Electric Light Orchestra, Mr Blue Sky (1977)

ELO-out_of_the_blue

Artist: Electric Light Orchestra
Title: Mr Blue Sky
Description: single; album track, Out Of The Blue
Label: Jet
Release date: 1977
First heard: 1977

1977 was the year punk broke wide open: God Save The Queen, Damned Damned Damned, Sid replacing Glenn Matlock, The Clash, Oh Bondage! Up Yours, Blank Generation, Never Mind The Bollocks. I, meanwhile, could be found sitting cross-legged on the carpet of the family living room listening intently to the Concerto For A Rainy Day, which comprised Side Three of Out Of The Blue, a double LP whose generous gatefold sleeve, complete with lyrics, gave a 12-year-old something to get his head round while the lush, orchestral music flowed from the modest speakers attached to Mum and Dad’s “music centre”.

Crucially, I did not grow up with an older brother, as I was the eldest. Many of my friends did. To generalise wildly, my recollection is that those with older sisters had a greater affinity for soul. As a consequence of having elders to follow, these second or third children developed a more “mature” taste in music, which for 70s boys generally meant progressive rock or heavy metal, and it meant LPs, not 45s. It’s inevitable that younger siblings absorb older music. But if you’re the eldest, you’re the canary in the mineshaft, figuring it out for yourself. (In the years hence, my younger brother Simon used to sneak into my bedroom to listen to my punk records when I was out.) I discovered ELO, and their classic sixth and seventh long-players A New World Record and Out Of The Blue, through my Dad. They were his band. I was being handed down my formative musical taste – and my first favourite band! – from a parent. (I liked my Mum’s Elvis records, too.)

ELO’s was pretty sophisticated symphonic rock – literally Dad rock, if you will – and a natural evolution from the asunder Beatles who’d enraptured Jeff Lynne’s generation so, but it wasn’t prog or metal, it wasn’t intellectual or visceral. It wasn’t cool. It was pop music played by rock musicians and a longhaired string section, wasn’t it? Nevertheless it electrified my 12-year-old ears and lit my fire.

I loved Mr Blue Sky then, when it became their seventh top 10 hit and I love it 45 years later. Can you imagine how many times I’ll have heard it in the interim? (It used to be on Smooth 70s, for a while my default adult kitchen radio station, at least once a day.) It does not tarnish. From the clearly faked “radio announcement” and crude thump-thump-thump intro riff, through the cloudbursting joy of its verses (“don’t you know, it’s a beautiful new day, a-hey-hey”) and the punched-up chorus, they cook with gas for a full five minutes, using Vocoder and choral effects to tip a simple pop tune into sepulchral glory. It takes a certain chutzpah to illustrate the line “running down the avenue” with a panting sound – and indeed to link the songs in the Rainy Day concerto with what sound like BBC rain sound effects but which Lynne actually recorded in Munich. It’s so uncool it becomes cool. Little wonder if stands up so well to the test of cover versions, my favourites being one by the Delgados, and of course Jim Bob’s mournful take, which he recorded for my Radio 4 sitcom of the same name, and which I will always cherish.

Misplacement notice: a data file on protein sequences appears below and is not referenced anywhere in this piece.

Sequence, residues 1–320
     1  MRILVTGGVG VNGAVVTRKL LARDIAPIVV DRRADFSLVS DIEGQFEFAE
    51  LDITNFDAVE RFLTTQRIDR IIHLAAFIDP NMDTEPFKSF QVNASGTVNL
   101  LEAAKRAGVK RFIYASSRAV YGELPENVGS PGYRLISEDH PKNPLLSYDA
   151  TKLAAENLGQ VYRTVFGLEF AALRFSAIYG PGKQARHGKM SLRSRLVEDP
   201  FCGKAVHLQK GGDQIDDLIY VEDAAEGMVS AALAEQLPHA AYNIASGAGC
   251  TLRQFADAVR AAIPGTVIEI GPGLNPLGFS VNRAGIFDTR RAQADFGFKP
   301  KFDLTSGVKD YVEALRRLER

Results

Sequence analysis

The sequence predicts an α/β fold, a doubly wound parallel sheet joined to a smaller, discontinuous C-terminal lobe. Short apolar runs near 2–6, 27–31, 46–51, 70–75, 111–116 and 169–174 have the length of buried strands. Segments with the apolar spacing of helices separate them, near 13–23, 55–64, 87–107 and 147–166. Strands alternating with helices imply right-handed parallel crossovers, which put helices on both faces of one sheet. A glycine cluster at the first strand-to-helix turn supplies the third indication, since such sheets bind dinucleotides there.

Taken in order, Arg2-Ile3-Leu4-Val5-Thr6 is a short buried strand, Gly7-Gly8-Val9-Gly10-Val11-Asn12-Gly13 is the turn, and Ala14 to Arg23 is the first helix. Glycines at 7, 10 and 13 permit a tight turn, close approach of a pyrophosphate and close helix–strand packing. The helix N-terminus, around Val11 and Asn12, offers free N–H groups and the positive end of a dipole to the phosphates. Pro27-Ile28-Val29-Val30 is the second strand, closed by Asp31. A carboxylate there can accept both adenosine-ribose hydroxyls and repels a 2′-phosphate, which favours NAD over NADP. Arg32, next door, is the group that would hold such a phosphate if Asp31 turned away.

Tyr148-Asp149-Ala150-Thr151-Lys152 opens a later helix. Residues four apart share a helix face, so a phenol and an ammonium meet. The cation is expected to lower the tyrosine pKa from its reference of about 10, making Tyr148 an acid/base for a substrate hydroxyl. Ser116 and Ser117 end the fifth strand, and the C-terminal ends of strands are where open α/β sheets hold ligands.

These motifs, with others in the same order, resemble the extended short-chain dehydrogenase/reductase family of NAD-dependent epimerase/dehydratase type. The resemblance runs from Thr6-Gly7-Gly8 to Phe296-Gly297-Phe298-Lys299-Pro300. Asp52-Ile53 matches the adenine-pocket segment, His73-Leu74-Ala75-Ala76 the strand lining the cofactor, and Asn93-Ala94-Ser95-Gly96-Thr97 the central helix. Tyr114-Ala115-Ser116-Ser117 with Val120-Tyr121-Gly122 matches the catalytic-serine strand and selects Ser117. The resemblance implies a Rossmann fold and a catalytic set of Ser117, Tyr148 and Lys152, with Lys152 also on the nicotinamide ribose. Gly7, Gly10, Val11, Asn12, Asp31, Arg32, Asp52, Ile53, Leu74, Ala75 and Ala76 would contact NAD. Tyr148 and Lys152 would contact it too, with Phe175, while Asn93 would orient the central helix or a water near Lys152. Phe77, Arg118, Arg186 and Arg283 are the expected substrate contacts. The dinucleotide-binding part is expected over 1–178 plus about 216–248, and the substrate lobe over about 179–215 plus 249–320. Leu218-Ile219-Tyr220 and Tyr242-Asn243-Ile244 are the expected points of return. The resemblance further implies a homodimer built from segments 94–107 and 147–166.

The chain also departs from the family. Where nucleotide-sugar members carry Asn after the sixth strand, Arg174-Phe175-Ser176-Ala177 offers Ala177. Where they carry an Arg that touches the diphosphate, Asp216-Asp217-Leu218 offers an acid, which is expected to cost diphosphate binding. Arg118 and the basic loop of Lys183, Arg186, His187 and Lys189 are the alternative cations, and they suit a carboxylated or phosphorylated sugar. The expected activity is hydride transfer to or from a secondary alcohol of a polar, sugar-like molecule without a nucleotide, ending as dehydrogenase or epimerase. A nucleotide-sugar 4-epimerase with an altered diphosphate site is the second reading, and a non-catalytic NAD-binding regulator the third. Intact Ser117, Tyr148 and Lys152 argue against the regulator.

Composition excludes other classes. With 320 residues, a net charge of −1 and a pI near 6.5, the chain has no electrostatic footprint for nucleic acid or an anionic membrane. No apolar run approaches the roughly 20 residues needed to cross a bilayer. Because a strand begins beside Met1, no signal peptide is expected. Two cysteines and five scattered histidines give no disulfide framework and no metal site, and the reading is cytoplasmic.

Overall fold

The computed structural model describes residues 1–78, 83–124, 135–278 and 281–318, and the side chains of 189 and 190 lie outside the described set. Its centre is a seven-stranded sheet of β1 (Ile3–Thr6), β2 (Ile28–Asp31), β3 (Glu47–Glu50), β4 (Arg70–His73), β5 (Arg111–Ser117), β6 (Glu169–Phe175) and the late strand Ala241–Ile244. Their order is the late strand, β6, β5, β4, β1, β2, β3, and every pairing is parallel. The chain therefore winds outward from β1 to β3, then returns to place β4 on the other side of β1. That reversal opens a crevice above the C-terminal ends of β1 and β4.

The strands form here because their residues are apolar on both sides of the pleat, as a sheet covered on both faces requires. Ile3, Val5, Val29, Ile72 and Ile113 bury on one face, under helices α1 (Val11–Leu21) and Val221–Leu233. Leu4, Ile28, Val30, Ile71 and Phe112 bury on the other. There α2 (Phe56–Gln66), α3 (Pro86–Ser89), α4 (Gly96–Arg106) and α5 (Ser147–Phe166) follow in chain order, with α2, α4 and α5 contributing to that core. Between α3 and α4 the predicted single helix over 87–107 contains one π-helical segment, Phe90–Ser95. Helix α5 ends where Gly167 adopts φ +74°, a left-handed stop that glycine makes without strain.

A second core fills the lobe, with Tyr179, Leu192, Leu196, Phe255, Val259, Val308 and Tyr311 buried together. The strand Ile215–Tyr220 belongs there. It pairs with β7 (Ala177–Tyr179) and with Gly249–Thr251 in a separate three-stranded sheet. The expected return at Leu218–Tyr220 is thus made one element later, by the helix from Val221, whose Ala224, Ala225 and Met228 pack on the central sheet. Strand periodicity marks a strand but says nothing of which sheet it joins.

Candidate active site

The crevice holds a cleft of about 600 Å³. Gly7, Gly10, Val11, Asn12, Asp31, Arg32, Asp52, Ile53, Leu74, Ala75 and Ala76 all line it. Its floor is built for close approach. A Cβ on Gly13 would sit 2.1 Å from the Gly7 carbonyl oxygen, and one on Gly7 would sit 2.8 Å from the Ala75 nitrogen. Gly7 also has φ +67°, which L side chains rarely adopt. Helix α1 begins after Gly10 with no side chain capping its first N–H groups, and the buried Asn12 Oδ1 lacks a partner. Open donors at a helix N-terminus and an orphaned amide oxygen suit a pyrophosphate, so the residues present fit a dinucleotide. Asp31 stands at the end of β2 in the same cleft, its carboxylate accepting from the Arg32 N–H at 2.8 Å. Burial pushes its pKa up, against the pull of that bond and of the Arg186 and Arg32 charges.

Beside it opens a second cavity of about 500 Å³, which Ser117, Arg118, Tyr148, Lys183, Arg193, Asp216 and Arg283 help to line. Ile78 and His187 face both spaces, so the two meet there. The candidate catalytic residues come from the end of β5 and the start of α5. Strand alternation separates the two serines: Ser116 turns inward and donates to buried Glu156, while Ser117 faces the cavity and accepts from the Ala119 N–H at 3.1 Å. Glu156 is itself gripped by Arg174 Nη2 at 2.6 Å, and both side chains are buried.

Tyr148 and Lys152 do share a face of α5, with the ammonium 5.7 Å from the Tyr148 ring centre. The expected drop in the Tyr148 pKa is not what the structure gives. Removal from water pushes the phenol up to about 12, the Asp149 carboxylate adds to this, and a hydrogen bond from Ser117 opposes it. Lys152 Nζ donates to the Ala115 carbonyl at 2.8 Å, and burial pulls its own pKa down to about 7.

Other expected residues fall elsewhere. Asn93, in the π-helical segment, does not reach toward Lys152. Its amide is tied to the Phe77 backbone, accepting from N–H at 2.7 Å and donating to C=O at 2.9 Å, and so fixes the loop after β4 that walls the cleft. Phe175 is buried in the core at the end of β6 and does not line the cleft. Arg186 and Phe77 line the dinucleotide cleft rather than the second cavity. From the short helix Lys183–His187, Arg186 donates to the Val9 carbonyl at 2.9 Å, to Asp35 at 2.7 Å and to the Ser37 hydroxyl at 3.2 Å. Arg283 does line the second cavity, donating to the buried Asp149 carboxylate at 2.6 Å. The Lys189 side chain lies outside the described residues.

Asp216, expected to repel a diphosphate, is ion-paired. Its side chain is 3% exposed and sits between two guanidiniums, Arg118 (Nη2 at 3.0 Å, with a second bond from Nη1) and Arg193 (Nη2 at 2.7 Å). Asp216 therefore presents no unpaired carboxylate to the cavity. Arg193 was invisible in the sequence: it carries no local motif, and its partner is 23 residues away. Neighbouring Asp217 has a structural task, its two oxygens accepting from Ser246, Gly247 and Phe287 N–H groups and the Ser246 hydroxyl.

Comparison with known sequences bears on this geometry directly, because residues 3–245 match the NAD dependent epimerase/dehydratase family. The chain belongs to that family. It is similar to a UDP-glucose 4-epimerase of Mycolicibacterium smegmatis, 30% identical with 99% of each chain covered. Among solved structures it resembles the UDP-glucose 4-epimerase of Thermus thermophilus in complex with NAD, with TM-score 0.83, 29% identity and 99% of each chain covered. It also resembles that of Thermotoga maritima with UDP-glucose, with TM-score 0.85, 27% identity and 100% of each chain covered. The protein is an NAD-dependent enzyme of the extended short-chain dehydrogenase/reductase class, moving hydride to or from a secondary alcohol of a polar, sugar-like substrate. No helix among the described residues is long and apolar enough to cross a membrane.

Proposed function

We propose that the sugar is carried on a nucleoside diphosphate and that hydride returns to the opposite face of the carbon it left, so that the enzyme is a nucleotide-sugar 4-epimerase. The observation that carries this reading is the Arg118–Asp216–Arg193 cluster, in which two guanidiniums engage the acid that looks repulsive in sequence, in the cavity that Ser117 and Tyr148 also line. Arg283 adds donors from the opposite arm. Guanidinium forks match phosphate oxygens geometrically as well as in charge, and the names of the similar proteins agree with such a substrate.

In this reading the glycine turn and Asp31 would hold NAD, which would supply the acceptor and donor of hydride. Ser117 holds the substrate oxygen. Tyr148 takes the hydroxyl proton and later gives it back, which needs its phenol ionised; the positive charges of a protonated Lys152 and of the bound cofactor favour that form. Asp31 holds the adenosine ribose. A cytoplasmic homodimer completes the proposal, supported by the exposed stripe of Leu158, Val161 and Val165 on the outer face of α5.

Having self-consciously forsaken ELO in my teens, and found some new bands of my own, I rediscovered Jeff, Bev, Hugh, Kelly, Mik, Richard and Melvyn in young adult life when all bets were off again, and I found that I really appreciated the craft. If you know Out Of The Blue, you’ll know The Whale, for instance, a haunting instrumental for cetacean lovers, and Birmingham Blues, a personal hymn to home: just two examples of the band’s versatility and voracity. I joined the ELO Fan Club and memorised their names and taught myself how to draw them all; that’s how much I loved them. And I knew which band member appeared where in the airbrushed inner sleeve illustration of the bridge of the logo spaceship. And Mr Blue Sky was my favourite song by my favourite band.

Until 1979, which is the year punk broke wide open in Northampton.